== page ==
The short answer is yes! The main purpose of a screening test is to find cancerous cells or changes that may indicate the presence of such cells before the patient starts experiencing symptoms. In most cases, if a cancer is caught early, the chances of recovery are high. Therefore, regular screenings are important and should not be overlooked.
Plus, as you get further in life, screenings are a must-have since certain cancers start developing in the later stages of life. Still, for many people, the idea of cancer screening is a bit scary (especially for people well into their golden years), which is why they tend to put it off.
Today, we’ll have a look at why cancer screening is important.
Helps with Early Detection
Most cancers don’t have symptoms during the early stages. However, if left unchecked, adult cancers tend to migrate toward the brain, turning into metastatic brain cancer.
If this happens, the disease is already advanced, and the patient may not have that many options The metastatic brain cancer survival rate has improved considerably, but it’s still a diagnostic that may predict early demise.
All this can be prevented with regular cancer screenings and tests. The sooner a cancer is detected, the better it will be for the patient’s chances of recovery and long life. It’s also important to remember that brain tumors are no longer the heavy diagnostic they used to be. Depending on their type and origins, there is the option of surgical treatment for brain tumors, and the recovery rate is promising.
Factors that Increase the Risk of Cancer
While risks vary depending on the type of cancer, specialists agree there are a few conditions that may put patients at a higher risk.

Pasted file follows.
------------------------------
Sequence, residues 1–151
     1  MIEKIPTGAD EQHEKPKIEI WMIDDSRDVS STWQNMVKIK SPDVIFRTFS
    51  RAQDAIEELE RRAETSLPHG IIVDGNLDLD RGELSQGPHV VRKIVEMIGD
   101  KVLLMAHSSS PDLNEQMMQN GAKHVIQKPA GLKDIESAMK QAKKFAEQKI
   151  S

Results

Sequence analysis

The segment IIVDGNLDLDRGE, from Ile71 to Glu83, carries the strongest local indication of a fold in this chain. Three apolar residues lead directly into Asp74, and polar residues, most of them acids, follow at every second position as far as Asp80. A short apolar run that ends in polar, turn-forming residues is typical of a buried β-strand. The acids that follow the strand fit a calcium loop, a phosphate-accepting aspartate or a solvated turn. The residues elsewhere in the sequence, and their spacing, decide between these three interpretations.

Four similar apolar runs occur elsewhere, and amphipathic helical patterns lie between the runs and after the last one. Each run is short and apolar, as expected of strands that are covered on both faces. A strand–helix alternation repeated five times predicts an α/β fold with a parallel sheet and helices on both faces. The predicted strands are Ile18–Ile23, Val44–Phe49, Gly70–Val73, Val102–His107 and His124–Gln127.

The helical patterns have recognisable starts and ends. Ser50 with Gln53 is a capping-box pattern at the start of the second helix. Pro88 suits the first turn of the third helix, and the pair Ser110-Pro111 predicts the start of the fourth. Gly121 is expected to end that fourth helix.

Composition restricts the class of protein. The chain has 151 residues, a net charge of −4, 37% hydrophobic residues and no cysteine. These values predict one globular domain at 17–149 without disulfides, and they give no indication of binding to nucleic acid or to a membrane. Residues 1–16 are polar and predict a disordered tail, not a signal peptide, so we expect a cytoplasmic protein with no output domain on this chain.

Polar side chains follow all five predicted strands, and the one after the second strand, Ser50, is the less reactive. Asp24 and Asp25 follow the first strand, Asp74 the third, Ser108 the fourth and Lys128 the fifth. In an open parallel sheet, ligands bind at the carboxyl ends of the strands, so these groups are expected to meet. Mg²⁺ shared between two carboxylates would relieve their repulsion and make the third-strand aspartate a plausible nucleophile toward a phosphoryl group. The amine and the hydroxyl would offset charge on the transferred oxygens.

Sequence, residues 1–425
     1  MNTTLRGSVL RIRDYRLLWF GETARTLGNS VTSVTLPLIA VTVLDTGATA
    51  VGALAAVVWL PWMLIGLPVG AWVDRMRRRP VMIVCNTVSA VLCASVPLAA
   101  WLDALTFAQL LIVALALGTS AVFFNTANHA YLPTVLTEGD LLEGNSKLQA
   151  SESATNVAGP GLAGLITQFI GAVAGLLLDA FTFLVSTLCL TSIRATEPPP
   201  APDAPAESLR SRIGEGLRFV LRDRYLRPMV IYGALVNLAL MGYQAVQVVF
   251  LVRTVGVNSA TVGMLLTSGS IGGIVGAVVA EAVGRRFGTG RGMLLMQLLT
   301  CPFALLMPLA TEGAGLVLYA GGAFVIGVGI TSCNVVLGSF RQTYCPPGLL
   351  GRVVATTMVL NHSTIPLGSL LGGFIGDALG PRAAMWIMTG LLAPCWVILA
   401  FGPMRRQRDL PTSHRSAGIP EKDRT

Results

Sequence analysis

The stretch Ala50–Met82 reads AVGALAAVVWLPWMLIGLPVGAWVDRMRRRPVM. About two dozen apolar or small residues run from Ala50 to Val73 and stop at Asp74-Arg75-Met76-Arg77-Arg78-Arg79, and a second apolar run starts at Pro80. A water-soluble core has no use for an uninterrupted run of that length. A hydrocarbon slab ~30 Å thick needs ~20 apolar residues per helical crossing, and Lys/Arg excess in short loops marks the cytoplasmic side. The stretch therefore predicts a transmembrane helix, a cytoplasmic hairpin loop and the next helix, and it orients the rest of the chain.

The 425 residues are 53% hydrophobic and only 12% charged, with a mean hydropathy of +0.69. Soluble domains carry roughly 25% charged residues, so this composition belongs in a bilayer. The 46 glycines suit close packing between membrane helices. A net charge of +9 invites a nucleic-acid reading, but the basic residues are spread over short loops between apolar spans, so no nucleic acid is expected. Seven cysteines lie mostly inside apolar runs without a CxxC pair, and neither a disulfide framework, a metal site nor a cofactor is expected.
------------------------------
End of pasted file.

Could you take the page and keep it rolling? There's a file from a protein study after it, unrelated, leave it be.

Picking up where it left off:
Age and Weight
Sadly, the risk of developing cancer (one type or several) increases with age. This is why medics everywhere recommend screenings for patients in their forties and older.
Of course, screenings should be combined with eating healthy, keeping your weight in check (as much as possible), and being active. These steps are essential for a healthy body and mind, regardless of your age. Plus, if you’re retired, it’s just as important to stay active and social. You can do this by pursuing your passions and connecting with people who have similar interests.
Tobacco use has been linked to an increased risk of a long list of cancers, so patients who have this habit should find a way to quit as soon as possible. Don’t shy away from talking about quitting methods with your doctor if you find you can’t shake it off on your own.
Family History of Cancer
While it’s not always the case, there are situations when cancer can be passed through genes. So if you have a family history of cancer, especially one that was passed from one generation to another, start your screenings earlier than forty.
However, keep in mind that history is not diagnostic; it’s just a factor that puts you at a higher risk.
Overscreening is a Possibility
The reason why doctors recommend different types of screening for different age groups is to make sure the tests do their job while causing as little harm as possible. According to the United States Preventive Services Task Force (USPSTF), there are certain age thresholds that we need to be aware of when it comes to screening.
For instance, people over 74 shouldn’t get colorectal and breast cancer screenings unless there are needed. The same goes for people over 65 and cervical cancer screening. This is because, above those ages, it’s likelier that patients can get harmed by the test itself, which may lead to further complications.
Regular cancer screenings are important, but at the age recommended by specialists. Still, each person is different, which is why it’s important to have a chat with your general practitioner about it.
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